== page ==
The first time I witnessed a batik wax stamp process in Kenya in 2010, it catapulted me back in time and across the world: away from the warmth of equatorial sun into a university printmaking studio artificially warmed against winter cold; far from the fragrance of lush green growing landscape into the heady odor of…Read more Can’t Believe I Get to Do This!
When I hold them in my hands now that I am home, each one represents a world unto itself. They transport me to a time outside time, when I was so enthralled I forgot to eat, drink, or relate to the outside world. Each tiny bead represents a human's touch, a woman far away... and yet…Read more Small and Beautiful
Please forgive me if you are seeing this post for a second time - there was a technical glitch with email delivery on my first attempt, so I am re-posting. I am very excited to announce a new blog I am writing and to invite you to join me there as well: Welcome to the new Pamba…Read more New Pamba Toto blog! (2)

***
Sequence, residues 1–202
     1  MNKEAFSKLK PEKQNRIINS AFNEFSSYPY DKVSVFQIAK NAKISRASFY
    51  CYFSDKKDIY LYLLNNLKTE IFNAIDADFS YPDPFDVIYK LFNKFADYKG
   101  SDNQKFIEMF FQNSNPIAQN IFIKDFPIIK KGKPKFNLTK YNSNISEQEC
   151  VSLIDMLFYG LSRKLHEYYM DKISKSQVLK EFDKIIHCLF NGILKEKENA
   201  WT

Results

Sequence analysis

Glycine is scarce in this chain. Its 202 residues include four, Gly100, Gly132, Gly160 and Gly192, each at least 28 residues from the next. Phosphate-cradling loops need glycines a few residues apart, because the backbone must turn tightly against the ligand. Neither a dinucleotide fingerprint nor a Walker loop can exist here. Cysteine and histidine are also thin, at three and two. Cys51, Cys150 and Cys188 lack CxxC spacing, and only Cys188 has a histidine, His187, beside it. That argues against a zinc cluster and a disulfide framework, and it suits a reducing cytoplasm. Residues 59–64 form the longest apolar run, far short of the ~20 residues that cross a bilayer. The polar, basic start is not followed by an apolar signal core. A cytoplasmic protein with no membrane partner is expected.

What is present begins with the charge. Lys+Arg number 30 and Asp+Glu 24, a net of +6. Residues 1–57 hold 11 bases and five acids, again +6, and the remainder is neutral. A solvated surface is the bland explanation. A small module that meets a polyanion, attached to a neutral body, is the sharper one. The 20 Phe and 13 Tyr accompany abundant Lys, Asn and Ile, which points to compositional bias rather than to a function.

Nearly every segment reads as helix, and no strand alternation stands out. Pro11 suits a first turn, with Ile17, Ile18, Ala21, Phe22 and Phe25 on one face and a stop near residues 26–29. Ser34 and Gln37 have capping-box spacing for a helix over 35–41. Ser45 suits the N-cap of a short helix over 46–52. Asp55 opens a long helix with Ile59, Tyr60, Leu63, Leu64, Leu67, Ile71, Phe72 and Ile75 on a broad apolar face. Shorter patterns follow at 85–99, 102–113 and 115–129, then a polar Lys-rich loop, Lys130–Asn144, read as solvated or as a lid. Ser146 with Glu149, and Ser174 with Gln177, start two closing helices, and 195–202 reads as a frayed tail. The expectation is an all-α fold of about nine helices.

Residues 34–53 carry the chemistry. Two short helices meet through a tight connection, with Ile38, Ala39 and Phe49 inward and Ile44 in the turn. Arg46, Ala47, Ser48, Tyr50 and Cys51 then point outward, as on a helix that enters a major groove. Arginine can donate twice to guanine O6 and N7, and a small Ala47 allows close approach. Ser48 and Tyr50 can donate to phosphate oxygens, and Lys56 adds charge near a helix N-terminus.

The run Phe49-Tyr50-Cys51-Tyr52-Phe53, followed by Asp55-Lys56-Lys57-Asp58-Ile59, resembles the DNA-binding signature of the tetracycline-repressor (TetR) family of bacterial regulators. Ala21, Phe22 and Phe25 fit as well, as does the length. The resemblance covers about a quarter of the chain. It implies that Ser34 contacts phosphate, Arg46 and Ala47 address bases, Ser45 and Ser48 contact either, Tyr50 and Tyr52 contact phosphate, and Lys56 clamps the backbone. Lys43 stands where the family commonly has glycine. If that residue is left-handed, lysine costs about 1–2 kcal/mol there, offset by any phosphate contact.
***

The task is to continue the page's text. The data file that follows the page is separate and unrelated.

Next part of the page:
I am very excited to announce a new blog I am writing and to invite you to join me there as well: Welcome to Pamba Toto! Although some of the posts there might be adapted for this blog, the new Pamba Toto blog will include only Pamba Toto-related stories (including our artisans, products and the Sanctuary of Hope…Read more New Pamba Toto Blog!
One of the biggest thrills of my life was creating the Shine Like Stars exhibit last year. In a last blaze of glory, the stars will shine one more time on Saturday, Aug 13 in my dear friend's backyard. We are dedicating a tent to display and sell the artwork, with 100% of profits returning…Read more Stars & Butterflies
We leave the aching hope of the Mother Teresa compound for the teeming chaos of streets beyond. Now joining us – me; my Pamba Toto co-founder, business partner and dear friend, Debbie Lee; and her husband Brian - in the car is John, with a smile to shove back the darkest night. He directs us…Read more Huruma Means Mercy, Part 2
A few months ago, international news reported the collapse of buildings in an obscure place called Huruma. At least seven people died and 121 people were injured, buried in shoddily constructed dwellings that rose much higher than should ever have been allowed. There was no mercy for these impoverished slum dwellers, victims of corruption. Ironically,…Read more Huruma Means Mercy, Part 1